As a people, we have perfected the art of either answering questions or avoiding them altogether. But the art of just living with questions remains unexplored and, at the most extreme, nonexistent in our collective worldview.
Our religious and political systems function at optimal levels when our questions are answered and the answers are questioned without fear. Many would even say this is a fundamental human right, a kind of litmus test for a democratic society.
Whenever this question-answer machinery breaks down, riots and chaos ensue, and people demand change.
And yet, many great questions in life remain unanswered and most likely will never be fully answered, at least not on this side of eternity. I am referring not only to questions of a political and academic nature but especially to those of a religious kind. I suppose a part of being human and thriving in a world of questions should involve learning how to live with them.
The art of living with questions hasn't enjoyed the prime time in our religious narrative. We love the idea that we are the people of The Book with all the answers. This explains why we often encourage one another "to study to show thyself approved unto God, a worker who does not need to be ashamed, rightly dividing the word of truth" (2 Timothy 3:15). The main reason why we devote ourselves to a life of study is so we can "always be prepared to answer everyone who asks . . . the reason for the hope within" (2 Peter 3:15).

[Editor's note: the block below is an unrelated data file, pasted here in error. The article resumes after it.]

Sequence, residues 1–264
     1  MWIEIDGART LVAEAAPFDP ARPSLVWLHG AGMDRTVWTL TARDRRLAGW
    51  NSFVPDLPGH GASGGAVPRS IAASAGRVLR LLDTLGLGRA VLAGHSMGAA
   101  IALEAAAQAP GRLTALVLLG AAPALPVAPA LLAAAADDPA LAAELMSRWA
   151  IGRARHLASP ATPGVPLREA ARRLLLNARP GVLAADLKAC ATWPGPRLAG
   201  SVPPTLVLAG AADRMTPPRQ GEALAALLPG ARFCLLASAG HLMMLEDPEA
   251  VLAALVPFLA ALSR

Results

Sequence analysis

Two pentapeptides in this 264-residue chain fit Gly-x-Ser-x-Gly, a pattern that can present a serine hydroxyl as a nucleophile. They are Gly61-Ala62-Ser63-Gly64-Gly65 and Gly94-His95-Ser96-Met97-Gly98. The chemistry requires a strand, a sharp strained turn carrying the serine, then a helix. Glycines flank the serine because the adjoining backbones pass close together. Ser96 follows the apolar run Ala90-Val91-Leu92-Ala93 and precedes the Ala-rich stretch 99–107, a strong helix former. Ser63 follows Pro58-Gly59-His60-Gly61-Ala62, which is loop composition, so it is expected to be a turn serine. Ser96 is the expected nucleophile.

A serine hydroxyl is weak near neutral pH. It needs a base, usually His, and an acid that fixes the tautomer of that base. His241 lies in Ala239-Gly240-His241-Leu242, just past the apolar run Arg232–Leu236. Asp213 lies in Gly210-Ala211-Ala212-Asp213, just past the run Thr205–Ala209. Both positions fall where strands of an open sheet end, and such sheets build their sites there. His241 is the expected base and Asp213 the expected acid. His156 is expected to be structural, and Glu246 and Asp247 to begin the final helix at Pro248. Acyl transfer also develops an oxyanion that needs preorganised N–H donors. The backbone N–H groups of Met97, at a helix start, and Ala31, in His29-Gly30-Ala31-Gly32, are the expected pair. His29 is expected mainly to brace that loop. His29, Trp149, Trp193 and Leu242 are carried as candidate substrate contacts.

As a passionate advocate for education, I can't quarrel with that. I can only add that we should guard against the religious trap of being too heavenly-minded such that we are of no earthly relevance. We often see religious groups or individuals who end up distancing themselves from the world to avoid so-called worldliness, forgetting that Christ sent us into the world even if we are not of the world (John 17:15-18). In other words, we are both fully worldlings and fully kingdom citizens.
In the Greek world in which Peter and Paul lived and wrote, "every cultivated sensible man was expected to be prepared . . . to discuss questions of opinion or conduct intelligently and temperately, to give and receive a reason."
But as we all know, discussing something intelligently is not the same as giving a satisfactory answer. We preach sermons on why bad things happen, but those carefully curated theological thoughts are never good enough when tragedy shows its ugly head.
The Bible refers to the unknown in numerous places. In fact, God has claimed ownership of the humanly unknown. Only he has the key to that warehouse of information. "The secret things belong to the Lord our God," Moses wrote, "but the things revealed belong to our children and us" (Deuteronomy 29:29).
The unknown is an intricate part of our earthly existence. Numerous canonical and non-canonical individuals have desired an intellectual and firm grip on it without much success.
Daniel wanted a complete and comprehensive understanding of his prophecies, but God instructed him "to seal the scroll's words until the time of the end" (Daniel 12:4). There was no humanly possible way for Daniel to understand the events coming generations after his time. In the same way, there was no way the disciples could have understood all that Jesus desired to bring to their attention (John 16:12).